Irregardless, once you see a pulmonary nodule on an x Ray, you must come up with some strategy to address it whether it is finding an old x Ray to prove it hasn't grown, getting a repeat image in 3-6 months, or jumping right to a CT scan. This woman had no prior films for comparison. The size and characteristics of the nodule will guide your strategy. Often the radiologist will include the guideline recommendation in his or her note. In this case the recommendation was for a CT scan of the chest. Whether or not to use contrast differs per opinions. In this case I checked a CT chest without. To my delight but also chagrin, the CT chest was totally clear and the nodule seen on the KUB was actually a misread. This is uncommon for such a small nodule. In hindsight perhaps I could've got a CXR but overall a CT chest was certainly justified.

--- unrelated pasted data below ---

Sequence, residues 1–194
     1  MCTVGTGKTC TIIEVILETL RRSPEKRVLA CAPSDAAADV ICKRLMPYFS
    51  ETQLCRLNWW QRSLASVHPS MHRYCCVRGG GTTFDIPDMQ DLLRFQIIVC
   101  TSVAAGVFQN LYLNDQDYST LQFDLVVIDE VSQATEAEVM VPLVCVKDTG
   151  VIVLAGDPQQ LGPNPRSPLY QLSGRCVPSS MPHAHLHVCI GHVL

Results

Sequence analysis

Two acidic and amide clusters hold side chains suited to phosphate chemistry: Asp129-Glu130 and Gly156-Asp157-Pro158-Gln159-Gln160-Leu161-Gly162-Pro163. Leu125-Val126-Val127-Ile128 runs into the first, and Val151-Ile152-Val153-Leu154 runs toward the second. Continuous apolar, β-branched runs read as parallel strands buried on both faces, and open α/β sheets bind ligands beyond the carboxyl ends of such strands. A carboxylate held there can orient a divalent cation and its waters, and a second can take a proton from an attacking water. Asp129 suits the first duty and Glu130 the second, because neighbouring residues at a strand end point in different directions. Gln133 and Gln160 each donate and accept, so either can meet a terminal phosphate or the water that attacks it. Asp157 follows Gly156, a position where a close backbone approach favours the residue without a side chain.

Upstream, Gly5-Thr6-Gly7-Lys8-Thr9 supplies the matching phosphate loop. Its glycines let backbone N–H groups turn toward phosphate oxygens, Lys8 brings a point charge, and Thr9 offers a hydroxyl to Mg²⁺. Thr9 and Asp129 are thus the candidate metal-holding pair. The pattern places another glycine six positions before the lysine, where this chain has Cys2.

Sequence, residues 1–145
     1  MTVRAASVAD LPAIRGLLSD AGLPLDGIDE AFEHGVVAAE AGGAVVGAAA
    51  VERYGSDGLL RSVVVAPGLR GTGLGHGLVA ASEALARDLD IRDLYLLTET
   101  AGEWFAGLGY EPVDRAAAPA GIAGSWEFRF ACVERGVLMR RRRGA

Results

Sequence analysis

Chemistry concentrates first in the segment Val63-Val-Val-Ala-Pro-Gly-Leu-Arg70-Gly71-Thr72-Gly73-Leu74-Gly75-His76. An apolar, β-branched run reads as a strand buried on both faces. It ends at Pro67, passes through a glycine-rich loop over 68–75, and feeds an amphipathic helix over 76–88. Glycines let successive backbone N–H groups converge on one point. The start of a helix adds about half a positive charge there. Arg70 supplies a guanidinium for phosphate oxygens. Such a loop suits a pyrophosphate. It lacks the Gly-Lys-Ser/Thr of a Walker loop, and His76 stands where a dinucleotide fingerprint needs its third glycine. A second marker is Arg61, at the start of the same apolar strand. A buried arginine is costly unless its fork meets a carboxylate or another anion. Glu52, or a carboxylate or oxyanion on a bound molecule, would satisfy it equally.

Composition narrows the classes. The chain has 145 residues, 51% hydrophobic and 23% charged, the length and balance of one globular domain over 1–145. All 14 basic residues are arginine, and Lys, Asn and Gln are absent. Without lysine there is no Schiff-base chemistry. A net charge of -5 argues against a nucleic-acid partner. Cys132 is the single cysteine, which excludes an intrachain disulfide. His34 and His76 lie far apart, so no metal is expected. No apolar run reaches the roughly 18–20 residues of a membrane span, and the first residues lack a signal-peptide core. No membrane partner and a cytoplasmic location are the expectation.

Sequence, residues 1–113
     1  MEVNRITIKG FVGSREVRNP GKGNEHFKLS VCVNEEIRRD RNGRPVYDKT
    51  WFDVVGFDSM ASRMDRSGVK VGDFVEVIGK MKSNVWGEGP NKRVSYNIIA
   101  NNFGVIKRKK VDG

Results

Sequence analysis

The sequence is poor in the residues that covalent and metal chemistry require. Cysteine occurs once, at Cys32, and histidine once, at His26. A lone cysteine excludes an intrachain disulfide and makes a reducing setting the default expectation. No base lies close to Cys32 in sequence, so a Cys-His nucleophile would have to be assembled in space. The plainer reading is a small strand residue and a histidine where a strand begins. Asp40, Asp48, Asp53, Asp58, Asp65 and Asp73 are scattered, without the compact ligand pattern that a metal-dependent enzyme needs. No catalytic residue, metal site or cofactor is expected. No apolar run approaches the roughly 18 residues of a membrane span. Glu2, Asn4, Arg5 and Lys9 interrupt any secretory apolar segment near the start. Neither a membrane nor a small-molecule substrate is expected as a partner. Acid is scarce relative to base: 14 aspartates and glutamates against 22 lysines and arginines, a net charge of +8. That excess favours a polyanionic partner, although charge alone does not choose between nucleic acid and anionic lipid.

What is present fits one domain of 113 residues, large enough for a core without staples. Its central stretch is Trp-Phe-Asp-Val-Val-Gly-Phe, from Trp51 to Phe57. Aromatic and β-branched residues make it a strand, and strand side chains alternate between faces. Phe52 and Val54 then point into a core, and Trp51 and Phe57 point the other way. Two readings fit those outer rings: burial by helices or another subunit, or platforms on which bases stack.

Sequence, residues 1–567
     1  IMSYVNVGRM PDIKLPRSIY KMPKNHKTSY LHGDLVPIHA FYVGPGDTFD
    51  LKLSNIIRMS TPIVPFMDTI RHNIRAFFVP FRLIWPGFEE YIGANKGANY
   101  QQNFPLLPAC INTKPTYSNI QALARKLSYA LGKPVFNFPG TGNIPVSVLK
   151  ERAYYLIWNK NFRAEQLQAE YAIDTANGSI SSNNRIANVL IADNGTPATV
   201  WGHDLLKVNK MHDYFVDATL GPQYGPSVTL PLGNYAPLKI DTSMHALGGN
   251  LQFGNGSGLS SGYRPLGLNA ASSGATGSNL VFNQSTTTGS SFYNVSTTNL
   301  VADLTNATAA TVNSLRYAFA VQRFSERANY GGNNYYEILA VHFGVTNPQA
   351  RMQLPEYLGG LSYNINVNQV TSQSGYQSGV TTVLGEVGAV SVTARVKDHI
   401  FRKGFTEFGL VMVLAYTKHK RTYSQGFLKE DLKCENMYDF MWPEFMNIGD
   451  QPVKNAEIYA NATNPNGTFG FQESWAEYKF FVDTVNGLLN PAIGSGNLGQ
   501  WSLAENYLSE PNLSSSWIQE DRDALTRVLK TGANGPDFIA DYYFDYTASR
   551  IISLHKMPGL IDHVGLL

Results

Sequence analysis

Now what other studies would you like? You will still need more bloodwork and possibly further imaging to crack this case.


What orders do you enter since you need to admit her to the hospital? Any other questions? Great job so far everyone and keep the replies coming.

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Also regarding your post about pancreatitis. Hypercalcemia is a rare but possible cause of pancreatitis (note I said cause of, not vice versa, to my knowledge). In pancreatitis, typically the patient has epigastric (less commonly diffuse, peri umbilical or RUQ) pain that often radiates to the back. Except early in the course, there is almost always a history of nausea and frank emesis. The patients often appear in distress from dehydration and pain. That being said you are free to request whatever you want to look into this.